Real Estate in Malpais
Santa Teresa is one of Costa Rica‘s most popular beach destinations. Once a backpackers and surfers’ secret, the village today is a well-known vacation spot for a growing number of national and international tourists. In addition to these visitors, the number of permanent expat residents is rising continuously.
While earlier visitors and expats were just happy with a simple barefoot lifestyle and surfing the waves, the new generation seeks more creature comforts and amenities. Tucked away in luxurious villas are also some international celebrities who add to the area’s fame and let prices for real estate in Santa Teresa go north.
The growth in this region and its future potential also lures developers and investors expecting high returns. Besides private homesteads or small businesses they are looking for a solid real estate investment, be it a hotel business or a vacation rental.
In high demand are ocean view properties in Santa Teresa as the topography of the area is just perfect for those stunning views. Low mountains rising up steeply close to the beach create many natural building sites where you enjoy spectacular views of the Pacific ocean and magic sunset, with the sounds of the surf close by.
Real estate in Mal Pais and Santa Teresa also includes beach properties. However, the strip of land along the water edge cannot be purchased, only leased from the government. Costa Rica reserves the first 50 meters from the high tide line as a public zone for everyone’s use, and the nationwide law prohibits any permanent structure within that zone. This leaves views of Costa Rica’s coastline pristine and undisturbed.
An additional 150 m stripe of land belongs to this maritime-terrestrial zone. For this area a concession to use the land can be obtained from the local municipality. The process to get such a concession is exhaustive and costly, also taxes for beach properties are substantially higher.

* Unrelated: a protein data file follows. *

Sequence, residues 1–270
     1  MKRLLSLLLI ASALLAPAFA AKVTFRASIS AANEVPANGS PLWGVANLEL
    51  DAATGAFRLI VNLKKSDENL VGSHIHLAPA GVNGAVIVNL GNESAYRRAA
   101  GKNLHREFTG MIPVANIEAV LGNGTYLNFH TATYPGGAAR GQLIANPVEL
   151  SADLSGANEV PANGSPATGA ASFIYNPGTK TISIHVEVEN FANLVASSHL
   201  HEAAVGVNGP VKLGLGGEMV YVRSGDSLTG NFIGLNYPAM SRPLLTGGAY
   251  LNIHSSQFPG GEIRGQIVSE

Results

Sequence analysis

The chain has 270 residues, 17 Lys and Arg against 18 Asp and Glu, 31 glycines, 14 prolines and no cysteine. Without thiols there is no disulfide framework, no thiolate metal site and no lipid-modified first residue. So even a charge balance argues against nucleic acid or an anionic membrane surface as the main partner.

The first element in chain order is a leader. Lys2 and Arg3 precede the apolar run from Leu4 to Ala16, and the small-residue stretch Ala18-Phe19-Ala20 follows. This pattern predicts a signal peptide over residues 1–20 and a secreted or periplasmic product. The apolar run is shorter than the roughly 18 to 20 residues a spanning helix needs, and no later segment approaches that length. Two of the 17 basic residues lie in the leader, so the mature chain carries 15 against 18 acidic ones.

The state concessions for beach properties are controlled by land use regulation plans. In the Santa Teresa area, from Manzanillo to Malpais, there exist 11 different land use regulation plans which define how the land in the different beach zone may be used.
Land use outside the maritime-terrestrial zones is not yet regulated but there is a building cap of 10 meters which so far has prevented high-rise buildings which have spoiled other Costa Rican beach resort locations.
Properties for Sale: Real Estate in Santa Teresa
Problems of Development in Santa Teresa
Even the main road in Santa Teresa is still unpaved and newcomers sometimes feel like pioneers in a yet not so much developed part of Costa Rica. With regard to the town‘s infrastructure and public services this assumption isn’t so wrong.
The population of permanent residents is roughly estimated at around 5,000 inhabitants, and the amount of tourists largely exceeds this number. A town of that size needs paved roads, adequate treatment of sewage water, cleaning of streets, garbage collection, sidewalks for pedestrians, and other public services and facilities.
But the communities of Santa Teresa and Mal Pais are mainly composed of foreigners, many without Costa Rican residency. Where few voters reside, less influence on communal decisions can be exerted and less money for public services is received. The unpaved roads and the dust stirred up by the traffic is just one of Santa Teresa‘s permanent problems.
Santa Teresa’s rapid and often uncontrolled growth leads to many environmental problems. Real estate sellers and property owners cut trees for building or just for the ocean view. New roads and plantels are etched into the hillsides, changing the topography and water course. An imminent effect are soil erosion and many land slides in rainy season.
Many wild animals are killed by dogs, and monkeys, once ubiquitous on all beaches have become rare, as their travel routes through the canopy are gone. The same land owners who destroy the nature and habitat of the animals still adorn their websites and brochures with pictures of unspoiled nature and wildlife. Santa Teresa’s biggest asset is the beauty of its jungle covered hillsides which also shelters the wildlife. Costa Rica has good environmental laws to protect its natural ressources but these laws have to be respected and enforced.